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Doctoral Dissertation (Ph.D.)

Development of the Early Childhood Curricular Beliefs Inventory: An Instrument to Identify Preservice Teachers' Early Childhood Curricular Orientation

Available from: ProQuest - Dissertations and Theses

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Abstract/Notes: The aim of this study was to develop and field test an instrument that provides an efficient and scholarly tool for exploring curricular beliefs of preservice teachers in the area of early childhood education. The Early Childhood Curricular Beliefs Inventory (ECCBI) was developed through procedures that evaluated the content validity of identified statements, explored the criterion and construct validity, and assessed the internal reliability of the instrument. Through a literature review, four predominant approaches to early childhood education (Developmental Interaction, Cognitive Developmental, Behavioral, and Sensory Cognitive) and four associated models of implementation were identified (Developmental Interaction, HighScope, Direct Instruction, and Montessori). Six areas, in which each of the above differed, were identified: the view of the child, role of the teacher, resources utilized, curricular emphasis, assessment methodology, and characteristics of the learning environment. The aim of this study was to develop and field test an instrument that provides an efficient and scholarly tool for exploring curricular beliefs of preservice teachers in the area of early childhood education. The Early Childhood Curricular Beliefs Inventory (ECCBI) was developed through procedures that evaluated the content validity of identified statements, explored the criterion and construct validity, and assessed the internal reliability of the instrument. Through a literature review, four predominant approaches to early childhood education (Developmental Interaction, Cognitive Developmental, Behavioral, and Sensory Cognitive) and four associated models of implementation were identified (Developmental Interaction, HighScope, Direct Instruction, and Montessori). Six areas, in which each of the above differed, were identified: the view of the child, role of the teacher, resources utilized, curricular emphasis, assessment methodology, and characteristics of the learning environment. A panel of experts classified and sorted a total of 182 statements, and 72 items were subsequently organized into an instrument consisting of four subtests corresponding to the identified curricular models. Scoring of the instrument included recording Likert-scale responses for each statement to a score key divided into four sections, or subtests, representing each curricular model. Scores for each section were added and compared. The subtest with the lowest score was deemed most representative of a respondent's curricular beliefs. Data gathered through field testing of the instrument with practitioners were used to explore further content validity through a factor analysis, criterion validity, and construct validity. Results of a second field test of preservice teachers and the results of the first field test (practitioners) were used to assess internal consistency reliability. Analyses appeared to support content, criterion, and construct validity as well as reliability of the 72-item ECCBI. In an effort to reduce the length of the instrument and to make it less cumbersome, results of the factor analysis were used to create a 24-item shortened version of the ECCBI. Six items representing each of the four subtests having the strongest factor loadings were identified as appropriate statements and were then organized into an alternative instrument. Data gathered through field testing of the instrument with practitioners were used to explore further content validity through a factor analysis, criterion validity, and construct validity. Results of a second field test of preservice teachers and the results of the first field test (practitioners) were used to assess internal consistency reliability. Analyses appeared to support content, criterion, and construct validity as well as reliability of the 72-item ECCBI. In an effort to reduce the length of the instrument and to make it less cumbersome, results of the factor analysis were used to create a 24-item shortened version of the ECCBI. Six items representing each of the four subtests having the strongest factor loadings were identified as appropriate statements and were then organized into an alternative instrument.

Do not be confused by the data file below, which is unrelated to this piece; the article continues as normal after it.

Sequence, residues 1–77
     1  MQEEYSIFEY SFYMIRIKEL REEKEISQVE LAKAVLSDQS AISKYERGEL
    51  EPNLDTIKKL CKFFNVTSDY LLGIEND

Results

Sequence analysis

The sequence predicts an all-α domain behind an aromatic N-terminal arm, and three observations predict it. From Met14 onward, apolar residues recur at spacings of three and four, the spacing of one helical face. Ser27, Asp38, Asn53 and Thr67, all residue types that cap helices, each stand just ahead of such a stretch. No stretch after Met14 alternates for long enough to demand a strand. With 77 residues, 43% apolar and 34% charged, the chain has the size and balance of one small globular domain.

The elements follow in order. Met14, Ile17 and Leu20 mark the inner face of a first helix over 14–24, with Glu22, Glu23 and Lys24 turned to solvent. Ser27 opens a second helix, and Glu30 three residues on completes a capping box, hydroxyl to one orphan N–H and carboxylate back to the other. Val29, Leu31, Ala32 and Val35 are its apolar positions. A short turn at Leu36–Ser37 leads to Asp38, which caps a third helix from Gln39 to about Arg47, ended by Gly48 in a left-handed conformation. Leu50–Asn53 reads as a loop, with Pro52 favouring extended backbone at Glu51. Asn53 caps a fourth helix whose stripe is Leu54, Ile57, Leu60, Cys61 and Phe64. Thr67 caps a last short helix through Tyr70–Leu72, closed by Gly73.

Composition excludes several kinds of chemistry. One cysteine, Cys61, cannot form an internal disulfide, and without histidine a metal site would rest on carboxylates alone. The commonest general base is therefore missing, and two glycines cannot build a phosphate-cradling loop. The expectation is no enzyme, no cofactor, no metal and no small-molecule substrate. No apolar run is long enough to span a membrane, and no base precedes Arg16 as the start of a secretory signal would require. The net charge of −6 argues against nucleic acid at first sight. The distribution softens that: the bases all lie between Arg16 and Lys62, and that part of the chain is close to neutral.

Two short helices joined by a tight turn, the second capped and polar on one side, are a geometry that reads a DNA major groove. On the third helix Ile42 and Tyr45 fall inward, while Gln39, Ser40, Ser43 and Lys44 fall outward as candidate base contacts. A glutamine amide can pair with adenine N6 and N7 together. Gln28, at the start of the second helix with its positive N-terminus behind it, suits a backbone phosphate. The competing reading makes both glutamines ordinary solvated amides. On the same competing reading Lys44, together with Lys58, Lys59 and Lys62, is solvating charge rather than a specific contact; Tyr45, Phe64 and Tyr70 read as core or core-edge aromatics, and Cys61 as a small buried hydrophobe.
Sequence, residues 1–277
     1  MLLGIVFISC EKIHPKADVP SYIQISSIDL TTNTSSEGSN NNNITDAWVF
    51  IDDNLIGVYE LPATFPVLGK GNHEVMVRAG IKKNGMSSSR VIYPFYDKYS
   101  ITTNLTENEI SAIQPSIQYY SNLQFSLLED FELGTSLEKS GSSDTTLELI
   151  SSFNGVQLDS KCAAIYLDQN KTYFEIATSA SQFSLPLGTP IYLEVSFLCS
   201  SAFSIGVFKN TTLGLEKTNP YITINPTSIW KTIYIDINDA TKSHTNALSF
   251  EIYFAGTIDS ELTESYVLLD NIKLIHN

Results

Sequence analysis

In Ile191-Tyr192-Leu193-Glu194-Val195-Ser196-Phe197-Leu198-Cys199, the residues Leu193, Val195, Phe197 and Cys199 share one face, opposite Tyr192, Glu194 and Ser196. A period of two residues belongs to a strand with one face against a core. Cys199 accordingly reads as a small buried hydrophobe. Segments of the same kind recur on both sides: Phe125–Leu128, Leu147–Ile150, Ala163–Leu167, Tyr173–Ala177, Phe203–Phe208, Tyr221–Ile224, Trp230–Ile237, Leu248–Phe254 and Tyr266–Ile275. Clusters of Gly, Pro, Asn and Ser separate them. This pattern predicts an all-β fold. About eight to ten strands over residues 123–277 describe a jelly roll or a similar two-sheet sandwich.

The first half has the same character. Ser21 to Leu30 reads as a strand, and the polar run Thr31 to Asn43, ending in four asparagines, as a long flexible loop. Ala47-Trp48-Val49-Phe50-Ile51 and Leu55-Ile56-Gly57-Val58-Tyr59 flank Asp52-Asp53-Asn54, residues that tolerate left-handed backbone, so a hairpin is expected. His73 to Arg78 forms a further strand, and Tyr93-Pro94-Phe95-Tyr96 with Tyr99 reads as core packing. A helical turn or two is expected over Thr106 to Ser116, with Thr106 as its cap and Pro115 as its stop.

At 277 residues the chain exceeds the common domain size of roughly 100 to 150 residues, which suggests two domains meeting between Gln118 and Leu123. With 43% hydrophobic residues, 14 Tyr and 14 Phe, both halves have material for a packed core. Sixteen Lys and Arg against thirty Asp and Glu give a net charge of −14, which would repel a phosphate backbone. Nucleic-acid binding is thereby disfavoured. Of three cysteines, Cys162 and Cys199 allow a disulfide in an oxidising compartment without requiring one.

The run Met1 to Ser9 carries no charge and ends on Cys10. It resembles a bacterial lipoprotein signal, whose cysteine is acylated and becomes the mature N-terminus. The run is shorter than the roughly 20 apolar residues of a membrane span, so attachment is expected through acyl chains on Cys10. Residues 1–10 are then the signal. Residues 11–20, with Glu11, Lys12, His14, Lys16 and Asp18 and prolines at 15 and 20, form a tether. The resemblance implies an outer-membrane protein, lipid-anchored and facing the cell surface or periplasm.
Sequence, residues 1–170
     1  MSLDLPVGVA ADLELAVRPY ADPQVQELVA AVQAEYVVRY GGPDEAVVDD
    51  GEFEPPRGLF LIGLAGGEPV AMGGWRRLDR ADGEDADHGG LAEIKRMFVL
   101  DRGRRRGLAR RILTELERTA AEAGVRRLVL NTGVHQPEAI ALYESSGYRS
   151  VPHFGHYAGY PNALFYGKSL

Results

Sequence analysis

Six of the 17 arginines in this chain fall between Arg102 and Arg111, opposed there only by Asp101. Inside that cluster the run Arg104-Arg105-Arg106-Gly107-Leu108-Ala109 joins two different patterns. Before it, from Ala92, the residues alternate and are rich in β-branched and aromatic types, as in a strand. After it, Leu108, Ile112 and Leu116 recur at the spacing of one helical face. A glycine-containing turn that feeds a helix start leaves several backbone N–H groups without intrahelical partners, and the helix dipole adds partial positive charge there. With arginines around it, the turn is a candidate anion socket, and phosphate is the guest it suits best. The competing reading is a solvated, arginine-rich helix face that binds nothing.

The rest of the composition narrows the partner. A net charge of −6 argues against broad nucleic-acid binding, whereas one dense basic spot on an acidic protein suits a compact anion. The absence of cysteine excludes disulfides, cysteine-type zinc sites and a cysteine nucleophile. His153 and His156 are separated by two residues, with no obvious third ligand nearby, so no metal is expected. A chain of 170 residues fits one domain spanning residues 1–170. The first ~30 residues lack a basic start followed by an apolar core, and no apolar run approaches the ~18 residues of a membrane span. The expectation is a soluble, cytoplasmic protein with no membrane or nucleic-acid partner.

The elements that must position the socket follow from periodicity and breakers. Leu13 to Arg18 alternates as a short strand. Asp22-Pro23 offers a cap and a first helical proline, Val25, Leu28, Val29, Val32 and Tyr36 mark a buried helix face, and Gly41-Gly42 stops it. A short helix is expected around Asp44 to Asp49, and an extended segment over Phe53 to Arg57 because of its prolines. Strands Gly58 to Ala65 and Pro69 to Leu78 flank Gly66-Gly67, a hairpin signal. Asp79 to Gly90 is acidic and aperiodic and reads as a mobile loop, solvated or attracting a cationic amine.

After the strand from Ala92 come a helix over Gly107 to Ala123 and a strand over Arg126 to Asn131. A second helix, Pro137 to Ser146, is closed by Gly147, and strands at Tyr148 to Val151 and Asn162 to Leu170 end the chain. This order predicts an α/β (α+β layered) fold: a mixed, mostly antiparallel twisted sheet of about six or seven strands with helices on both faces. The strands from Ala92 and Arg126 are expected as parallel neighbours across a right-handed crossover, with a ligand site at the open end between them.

Language: English

Published: Tallahassee, Florida, 2004

Doctoral Dissertation

An Examination of Three Early Childhood Programs in Relation to Early Childhood Music Education

Available from: University of Illinois - IDEALS

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Language: English

Published: Urbana-Champaign, Illinois, 1975

Article

✓ Peer Reviewed

Beyond Developmentalism? Early Childhood Teachers' Understandings of Multiage Grouping in Early Childhood Education and Care